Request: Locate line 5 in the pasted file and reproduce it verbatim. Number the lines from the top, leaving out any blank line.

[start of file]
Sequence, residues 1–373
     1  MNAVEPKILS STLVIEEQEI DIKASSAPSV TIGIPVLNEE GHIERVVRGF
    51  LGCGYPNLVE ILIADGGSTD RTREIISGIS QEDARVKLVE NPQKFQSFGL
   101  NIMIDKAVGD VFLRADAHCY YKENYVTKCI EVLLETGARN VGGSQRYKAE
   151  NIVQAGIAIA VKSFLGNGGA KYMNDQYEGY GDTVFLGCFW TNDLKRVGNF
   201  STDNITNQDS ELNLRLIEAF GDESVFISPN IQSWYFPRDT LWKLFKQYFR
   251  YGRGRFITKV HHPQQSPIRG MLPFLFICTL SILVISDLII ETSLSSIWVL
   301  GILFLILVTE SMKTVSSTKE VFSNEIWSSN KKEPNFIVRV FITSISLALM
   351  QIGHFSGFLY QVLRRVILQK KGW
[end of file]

   151  NIVQAGIAIA VKSFLGNGGA KYMNDQYEGY GDTVFLGCFW TNDLKRVGNF